Obtaining Proper Legal Advice When Purchasing Property in Phuket

2020-09-30T06:57:28+00:00

THE IMPORTANCE OF SOUND LEGAL ADVICE FOR FOREIGNERS IN THAILAND

Finding a Good Lawyer in Thailand

This is touched on above, and it cannot be stressed enough—the first step when undertaking any property transaction in Thailand should be to enlist the help of a very good lawyer.

What is meant by “first step”? If someone is contemplating a real estate investment in Thailand, they should seek legal representation before they even start viewing properties. But what constitutes a “good lawyer”?

Many times it is not only their knowledge of Thai law, but their ability to explain the law in their customers’ own language. Good lawyer swill be fluent in Thai and English, but if another mother tongue is needed, it might only be the biggest firms which have the resources to help. Not surprisingly, these are likely to be the more expensive law firms.

Crucially, professional individuals don’t have time to waste. If they are flying to Thailand specifically to find the perfect property, then their limited time on the island is especially precious. Without the right lawyer, a buyer could waste their time looking at properties which don’t offer the legal ownership guarantees they want. Sound legal representation will protect their interests, save time, and ultimately save money.

 

real estate investment in Thailand

WHAT OLAF SAYS ABOUT FINDING THE RIGHT LAWYER

Here Olaf Duensing of Duensing Kippen explains what buyers should be looking for in their legal counsel:
Real estate in Thailand can, for the most part, be a very good investment. Sadly, we have encountered horror stories, and they are not as rare as one might hope. If you are thinking of taking this investment plunge, here are a few tips.

When making a real estate investment in Thailand, one of the best ways you can protect yourself is by hiring a competent lawyer. This is imperative, and you should obtain the right legal counsel right at the beginning of the process (i.e. prior to signing any agent’s or seller’s agreement).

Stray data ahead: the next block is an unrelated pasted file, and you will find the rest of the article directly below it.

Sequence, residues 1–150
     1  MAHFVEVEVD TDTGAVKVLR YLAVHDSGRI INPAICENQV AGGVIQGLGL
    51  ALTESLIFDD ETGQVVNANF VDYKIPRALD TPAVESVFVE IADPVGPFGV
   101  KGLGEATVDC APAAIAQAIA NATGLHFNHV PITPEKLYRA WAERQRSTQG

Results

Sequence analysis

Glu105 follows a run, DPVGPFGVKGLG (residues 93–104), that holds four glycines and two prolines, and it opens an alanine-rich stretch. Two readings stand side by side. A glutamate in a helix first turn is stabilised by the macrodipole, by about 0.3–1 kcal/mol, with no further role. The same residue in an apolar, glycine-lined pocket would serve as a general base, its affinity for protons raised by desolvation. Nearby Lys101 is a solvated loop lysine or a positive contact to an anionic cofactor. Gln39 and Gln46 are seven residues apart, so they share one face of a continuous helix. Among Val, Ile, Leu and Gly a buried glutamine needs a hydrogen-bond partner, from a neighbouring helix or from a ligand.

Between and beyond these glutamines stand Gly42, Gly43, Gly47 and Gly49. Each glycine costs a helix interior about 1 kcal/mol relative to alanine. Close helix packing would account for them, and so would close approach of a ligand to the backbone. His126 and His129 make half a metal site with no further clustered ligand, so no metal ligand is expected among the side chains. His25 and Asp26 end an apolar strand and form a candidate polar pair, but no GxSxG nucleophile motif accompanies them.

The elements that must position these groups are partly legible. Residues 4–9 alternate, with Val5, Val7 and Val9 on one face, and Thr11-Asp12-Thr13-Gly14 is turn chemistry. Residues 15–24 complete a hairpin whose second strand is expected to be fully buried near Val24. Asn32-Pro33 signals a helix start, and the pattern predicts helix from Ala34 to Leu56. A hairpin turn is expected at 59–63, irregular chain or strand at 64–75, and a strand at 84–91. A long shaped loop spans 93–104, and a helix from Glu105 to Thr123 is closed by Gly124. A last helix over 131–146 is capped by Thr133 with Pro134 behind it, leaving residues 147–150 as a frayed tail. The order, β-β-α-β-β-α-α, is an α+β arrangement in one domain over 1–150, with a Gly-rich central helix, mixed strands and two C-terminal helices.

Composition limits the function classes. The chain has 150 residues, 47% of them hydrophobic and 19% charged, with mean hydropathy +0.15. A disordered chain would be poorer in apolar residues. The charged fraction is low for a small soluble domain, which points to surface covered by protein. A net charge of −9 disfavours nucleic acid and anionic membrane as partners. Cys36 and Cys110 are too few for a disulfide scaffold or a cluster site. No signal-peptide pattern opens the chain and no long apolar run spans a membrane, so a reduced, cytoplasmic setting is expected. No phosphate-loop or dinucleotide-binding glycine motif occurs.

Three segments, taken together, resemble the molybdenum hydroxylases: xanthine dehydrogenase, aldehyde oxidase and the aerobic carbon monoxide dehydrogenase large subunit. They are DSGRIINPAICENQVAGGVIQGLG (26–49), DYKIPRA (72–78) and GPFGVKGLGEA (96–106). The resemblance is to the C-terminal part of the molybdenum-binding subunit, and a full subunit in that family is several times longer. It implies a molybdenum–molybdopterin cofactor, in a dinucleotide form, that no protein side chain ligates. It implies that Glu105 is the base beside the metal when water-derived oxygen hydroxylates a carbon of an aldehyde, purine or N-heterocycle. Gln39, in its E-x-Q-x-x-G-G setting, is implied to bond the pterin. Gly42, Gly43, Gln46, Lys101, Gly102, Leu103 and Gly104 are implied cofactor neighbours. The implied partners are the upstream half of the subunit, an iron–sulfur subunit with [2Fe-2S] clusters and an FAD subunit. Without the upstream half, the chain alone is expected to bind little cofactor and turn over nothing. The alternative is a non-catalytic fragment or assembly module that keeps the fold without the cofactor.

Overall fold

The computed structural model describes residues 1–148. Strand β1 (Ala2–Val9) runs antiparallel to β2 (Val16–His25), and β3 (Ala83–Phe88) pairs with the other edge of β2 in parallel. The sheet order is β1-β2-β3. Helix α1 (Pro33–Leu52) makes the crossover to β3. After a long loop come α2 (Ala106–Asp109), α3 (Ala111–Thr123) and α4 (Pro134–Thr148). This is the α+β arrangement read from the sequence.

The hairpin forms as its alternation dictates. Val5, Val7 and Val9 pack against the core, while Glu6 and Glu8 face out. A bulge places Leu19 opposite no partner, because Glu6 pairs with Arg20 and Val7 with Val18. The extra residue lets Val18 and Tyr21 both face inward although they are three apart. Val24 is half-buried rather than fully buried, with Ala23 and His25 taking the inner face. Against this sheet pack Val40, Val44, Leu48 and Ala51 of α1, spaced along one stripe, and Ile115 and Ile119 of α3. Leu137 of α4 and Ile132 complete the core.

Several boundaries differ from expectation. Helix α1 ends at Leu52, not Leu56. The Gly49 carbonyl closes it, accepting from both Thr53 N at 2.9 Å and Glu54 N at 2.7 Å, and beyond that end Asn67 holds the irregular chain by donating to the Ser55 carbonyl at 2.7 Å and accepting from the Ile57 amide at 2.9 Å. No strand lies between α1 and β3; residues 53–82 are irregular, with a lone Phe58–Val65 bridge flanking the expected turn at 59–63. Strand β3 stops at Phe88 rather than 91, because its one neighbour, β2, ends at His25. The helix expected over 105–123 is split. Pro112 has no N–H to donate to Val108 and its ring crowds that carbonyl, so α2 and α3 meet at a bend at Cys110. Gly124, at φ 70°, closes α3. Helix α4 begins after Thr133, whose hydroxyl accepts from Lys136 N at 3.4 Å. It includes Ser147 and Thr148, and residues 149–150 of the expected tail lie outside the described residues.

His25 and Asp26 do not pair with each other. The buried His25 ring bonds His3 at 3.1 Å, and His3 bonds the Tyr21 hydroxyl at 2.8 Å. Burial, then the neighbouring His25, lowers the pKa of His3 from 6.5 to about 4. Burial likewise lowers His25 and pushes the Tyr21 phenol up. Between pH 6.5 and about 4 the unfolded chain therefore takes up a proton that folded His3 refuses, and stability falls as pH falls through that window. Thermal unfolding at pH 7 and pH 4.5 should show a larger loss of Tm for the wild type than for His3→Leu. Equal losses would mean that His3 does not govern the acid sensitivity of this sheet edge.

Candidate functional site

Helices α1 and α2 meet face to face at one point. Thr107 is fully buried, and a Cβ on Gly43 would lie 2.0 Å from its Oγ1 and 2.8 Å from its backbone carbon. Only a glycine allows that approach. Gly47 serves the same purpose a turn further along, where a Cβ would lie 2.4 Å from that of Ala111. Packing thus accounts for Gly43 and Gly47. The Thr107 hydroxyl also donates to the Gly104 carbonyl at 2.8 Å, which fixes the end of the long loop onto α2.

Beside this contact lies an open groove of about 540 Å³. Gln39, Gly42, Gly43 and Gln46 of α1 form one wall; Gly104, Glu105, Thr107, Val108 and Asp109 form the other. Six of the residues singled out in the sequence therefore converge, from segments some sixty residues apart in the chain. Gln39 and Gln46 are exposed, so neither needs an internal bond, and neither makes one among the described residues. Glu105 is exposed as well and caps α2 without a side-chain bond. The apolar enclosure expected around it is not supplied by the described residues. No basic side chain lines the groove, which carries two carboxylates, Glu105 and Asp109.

The key word here really is “competent”. We often find ourselves dumbfounded when people relate to us what law firms in Thailand have told them. Thailand has a well-developed system of laws, which are in many respects quite similar to laws in the West. For the most part, as in the majority of fully developed nations, the laws in Thailand logically fit together. Furthermore, something which is very convenient for foreigners in Thailand, the English translations of most relevant laws are readily available.

So if something you are hearing from another Thai law firm is seemingly illogical and makes no sense, there is every chance that your skepticism is warranted. If you are uncertain, request a copy of the law so that you may read it yourself. If, with a translation of the law on the table, they are still incapable of explaining their point – or worse yet, if they actually refuse to offer a greater understanding – it would advisable to seek out new legal counsel to help you.

But there is more to “competent” advice than just knowledge of the law—a competent legal advisor will also be ethical. That is to say, they will be compliant with recognised international standards which all lawyers should follow. Every law firm has a fiduciary duty to its clients, meaning your interests are put ahead of those of both the individual lawyer and the firm. This includes putting your financial interests ahead of their own, and ensuring that the firm never has a conflict of interest when it comes to representing you.

That is why your legal representatives should never refer you to real estate developers or agents, and they should certainly not accept commissions from such parties. Your lawyers should never represent both sides in any transaction because to do so is a conflict of interests. You should be able to reasonably expect that the firm will never advance any interest which is detrimental to your interests.

It is simple enough to evaluate any prospective counsel. For starters, ask to see their legal credentials. Then enquire as to their professional code of ethics. Ask to see both, and verify their legal credentials before reading through their code of ethics. If they can’t produce one or the other, or if you are just uncomfortable with their response to your query, then you would be well advised to seek new legal counsel.

As a final point, you should not assume that Thai government officials will provide you with simple or accurate legal advice. While they may be responsible for administering the law, they are not necessarily well-versed in the law’s intricacies.

Doing the Necessary Due Diligence When Buying Property in Phuket

Someone new to Thailand is usually enamoured with the “Land of Smiles”. What could possibly go wrong in a country full of wonderful smiling people, right?

Unfortunately things can and do wrong, but this is true the world over. That is why every buyer must have an understanding of due diligence and makes sure it is conducted to ensure a property is a viable and sound investment, and that the seller is legitimate and reputable.